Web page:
Archaeologists in Greece are nearly ready to enter what they say is the biggest ancient tomb ever unearthed in the country. The tomb at the ancient site of Amphipolis in the Macedonia region, around 65 miles northeast of Thessaloniki, dates from around 300 BC—the time of Alexander the Great, though experts don't believe it belongs to the warrior-king, who died in what is now Iraq, the Telegraph reports. Two carved sphinxes flank the entrance to the tomb, which is surrounded by a 540-yard marble outer wall.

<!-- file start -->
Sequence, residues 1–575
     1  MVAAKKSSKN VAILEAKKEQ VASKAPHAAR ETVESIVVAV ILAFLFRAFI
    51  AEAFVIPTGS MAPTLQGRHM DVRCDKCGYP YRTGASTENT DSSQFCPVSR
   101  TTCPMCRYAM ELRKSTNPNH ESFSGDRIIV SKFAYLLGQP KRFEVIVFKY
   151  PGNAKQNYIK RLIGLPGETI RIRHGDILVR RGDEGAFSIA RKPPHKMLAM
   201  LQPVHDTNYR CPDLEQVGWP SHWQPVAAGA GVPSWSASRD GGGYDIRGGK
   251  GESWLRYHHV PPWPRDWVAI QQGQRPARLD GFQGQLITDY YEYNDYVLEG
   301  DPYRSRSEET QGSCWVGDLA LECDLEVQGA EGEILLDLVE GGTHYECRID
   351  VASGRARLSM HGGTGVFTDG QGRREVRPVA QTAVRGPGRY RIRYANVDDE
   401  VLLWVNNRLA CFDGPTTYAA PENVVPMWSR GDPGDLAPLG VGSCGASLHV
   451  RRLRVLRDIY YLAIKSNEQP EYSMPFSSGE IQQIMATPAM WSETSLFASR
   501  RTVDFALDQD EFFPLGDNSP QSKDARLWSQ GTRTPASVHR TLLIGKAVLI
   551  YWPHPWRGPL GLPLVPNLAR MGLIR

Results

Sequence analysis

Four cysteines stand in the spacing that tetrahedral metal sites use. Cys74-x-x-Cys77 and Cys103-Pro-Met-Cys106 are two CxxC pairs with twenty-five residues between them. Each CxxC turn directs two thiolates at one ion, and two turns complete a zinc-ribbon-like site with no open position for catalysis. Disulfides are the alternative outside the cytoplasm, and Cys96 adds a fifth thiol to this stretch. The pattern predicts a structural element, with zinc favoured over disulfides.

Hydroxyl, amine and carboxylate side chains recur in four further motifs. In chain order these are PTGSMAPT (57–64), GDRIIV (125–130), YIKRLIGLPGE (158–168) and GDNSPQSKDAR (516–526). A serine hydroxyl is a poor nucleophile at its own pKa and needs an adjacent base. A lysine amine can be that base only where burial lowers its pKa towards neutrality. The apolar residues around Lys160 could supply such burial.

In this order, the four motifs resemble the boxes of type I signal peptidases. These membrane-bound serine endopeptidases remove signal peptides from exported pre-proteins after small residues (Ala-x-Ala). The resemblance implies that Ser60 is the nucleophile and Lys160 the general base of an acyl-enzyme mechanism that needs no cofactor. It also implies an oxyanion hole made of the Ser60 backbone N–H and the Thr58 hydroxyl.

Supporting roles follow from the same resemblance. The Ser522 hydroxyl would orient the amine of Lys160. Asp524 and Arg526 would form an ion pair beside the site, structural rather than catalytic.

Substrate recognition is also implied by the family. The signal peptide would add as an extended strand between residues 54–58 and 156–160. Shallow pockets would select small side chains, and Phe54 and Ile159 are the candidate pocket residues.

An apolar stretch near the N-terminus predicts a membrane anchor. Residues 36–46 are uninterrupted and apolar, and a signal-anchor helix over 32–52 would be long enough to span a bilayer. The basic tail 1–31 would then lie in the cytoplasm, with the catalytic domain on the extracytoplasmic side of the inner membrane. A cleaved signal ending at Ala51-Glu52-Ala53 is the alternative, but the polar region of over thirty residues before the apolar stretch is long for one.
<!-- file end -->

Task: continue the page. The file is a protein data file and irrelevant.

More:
"It looks like the tomb of a prominent Macedonian of that era," a culture ministry official tells Reuters. Archaeologists have spent the last couple years excavating the ancient burial mound under which the tomb was found, and they plan to enter the tomb within the next two weeks, reports NBC, which adds that there is one clue to its possible occupant: Researchers believe a 16-foot stone lion unearthed in the area a century ago and associated with Laomedon of Mytilene, one of Alexander the Great's military commanders, once stood atop the tomb. (Click to read about an "evil eye" box uncovered in an ancient cemetery.)